What makes the hybrid system in the GT3 Rh so effective is that it not only provides the car with another 160bhp at the press of a button, it also allows it run further on the same amount of fuel as a regular GT3 R during a race. At the Nurburgring 24h this car was able to run for one lap longer between each pit stop compared with the regular GT3 Rs, thanks purely to the extra efficiency of hybrid power-train. And in the end that’s what made it faster overall during the race.
The only reason it did win the event outright was because a valve spring went in the flat six engine less than an hour before the finish, at which point it held the outright lead. What let the GT3 Rh down on its maiden voyage, in other words, was not the hybrid system but one of the most conventional parts of the car; one that has been developed and honed by Porsche for decades ironically.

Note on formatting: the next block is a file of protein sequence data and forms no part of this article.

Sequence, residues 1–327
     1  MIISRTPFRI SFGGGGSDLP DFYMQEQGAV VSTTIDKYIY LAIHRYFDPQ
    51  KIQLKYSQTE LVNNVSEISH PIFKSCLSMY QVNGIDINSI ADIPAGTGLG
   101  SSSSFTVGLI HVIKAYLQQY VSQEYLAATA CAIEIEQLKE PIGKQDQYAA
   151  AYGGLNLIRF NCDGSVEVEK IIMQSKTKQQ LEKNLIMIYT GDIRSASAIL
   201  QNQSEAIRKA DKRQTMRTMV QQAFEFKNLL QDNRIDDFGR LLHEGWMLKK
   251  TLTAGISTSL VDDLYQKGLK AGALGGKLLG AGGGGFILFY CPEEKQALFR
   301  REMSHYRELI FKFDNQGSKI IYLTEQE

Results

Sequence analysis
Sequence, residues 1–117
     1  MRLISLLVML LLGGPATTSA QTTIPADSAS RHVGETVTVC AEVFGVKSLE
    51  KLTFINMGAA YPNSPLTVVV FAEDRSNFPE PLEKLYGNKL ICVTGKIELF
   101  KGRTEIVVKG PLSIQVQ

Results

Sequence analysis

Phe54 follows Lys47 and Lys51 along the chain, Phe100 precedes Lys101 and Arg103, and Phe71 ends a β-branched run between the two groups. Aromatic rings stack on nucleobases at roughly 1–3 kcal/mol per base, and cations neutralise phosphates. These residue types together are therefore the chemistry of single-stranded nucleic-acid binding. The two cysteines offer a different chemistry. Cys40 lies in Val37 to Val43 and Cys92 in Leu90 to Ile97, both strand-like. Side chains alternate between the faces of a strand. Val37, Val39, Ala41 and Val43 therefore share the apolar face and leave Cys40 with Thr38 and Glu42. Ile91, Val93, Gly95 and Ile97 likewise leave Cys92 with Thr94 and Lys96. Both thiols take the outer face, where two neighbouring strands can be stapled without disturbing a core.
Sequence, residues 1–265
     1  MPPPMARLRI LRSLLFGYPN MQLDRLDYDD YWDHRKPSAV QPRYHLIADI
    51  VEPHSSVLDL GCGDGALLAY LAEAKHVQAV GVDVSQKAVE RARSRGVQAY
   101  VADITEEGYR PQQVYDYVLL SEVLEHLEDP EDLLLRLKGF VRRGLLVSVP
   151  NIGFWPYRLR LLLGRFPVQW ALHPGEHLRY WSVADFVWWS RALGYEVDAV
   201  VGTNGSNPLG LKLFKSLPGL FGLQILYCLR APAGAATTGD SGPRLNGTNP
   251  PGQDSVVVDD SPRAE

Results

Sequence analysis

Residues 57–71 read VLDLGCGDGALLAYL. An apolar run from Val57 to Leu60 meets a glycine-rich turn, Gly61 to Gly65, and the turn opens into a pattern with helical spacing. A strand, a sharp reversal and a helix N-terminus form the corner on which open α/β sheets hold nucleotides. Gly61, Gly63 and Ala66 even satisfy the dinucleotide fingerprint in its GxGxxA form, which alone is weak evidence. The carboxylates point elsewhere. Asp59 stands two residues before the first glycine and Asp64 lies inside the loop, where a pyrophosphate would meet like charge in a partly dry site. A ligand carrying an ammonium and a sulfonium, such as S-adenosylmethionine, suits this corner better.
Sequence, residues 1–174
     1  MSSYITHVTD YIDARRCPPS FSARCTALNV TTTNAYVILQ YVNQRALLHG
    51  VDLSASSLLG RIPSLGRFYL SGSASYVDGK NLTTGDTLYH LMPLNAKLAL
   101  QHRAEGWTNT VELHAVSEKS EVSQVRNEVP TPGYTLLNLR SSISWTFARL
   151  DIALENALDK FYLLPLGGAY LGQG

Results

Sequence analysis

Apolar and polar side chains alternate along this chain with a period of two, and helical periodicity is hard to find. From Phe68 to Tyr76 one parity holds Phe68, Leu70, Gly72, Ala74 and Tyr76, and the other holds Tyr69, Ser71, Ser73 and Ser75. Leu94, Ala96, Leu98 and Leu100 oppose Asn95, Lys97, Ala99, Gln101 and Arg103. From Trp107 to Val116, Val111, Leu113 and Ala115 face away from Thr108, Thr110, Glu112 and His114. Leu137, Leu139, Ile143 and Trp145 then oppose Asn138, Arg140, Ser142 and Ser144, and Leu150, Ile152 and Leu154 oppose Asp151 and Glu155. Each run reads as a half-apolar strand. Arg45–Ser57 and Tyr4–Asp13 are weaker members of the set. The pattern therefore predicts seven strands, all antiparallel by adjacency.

Interestingly, the flywheel that the GT3 Rh uses to store and then redeploy its electrical power was developed for the car by Williams F1. It’s actually the same flywheel that Williams tried and largely failed to make work in its F1 car last year. Porsche then designed its own system – which takes kinetic energy developed by the brakes, sends this through a pair of generators to the flywheel, and then redeploys it back through the generators which effectively act as motors when they are called to do so – and the result is a much more effective, efficient creation of power.
In the GT3 Rh you can generate power via the brakes almost as fast as you can burn it via the throttle, which means that on a circuit – where most of the time you are either braking at maximum effort or nailing the accelerator to the floor – it works perfectly.
It’s only a mater of time before this system can, and will, be tailored to suit road use. And when it is, the world of high performance driving will never be quite the same again. Bring it on, I say.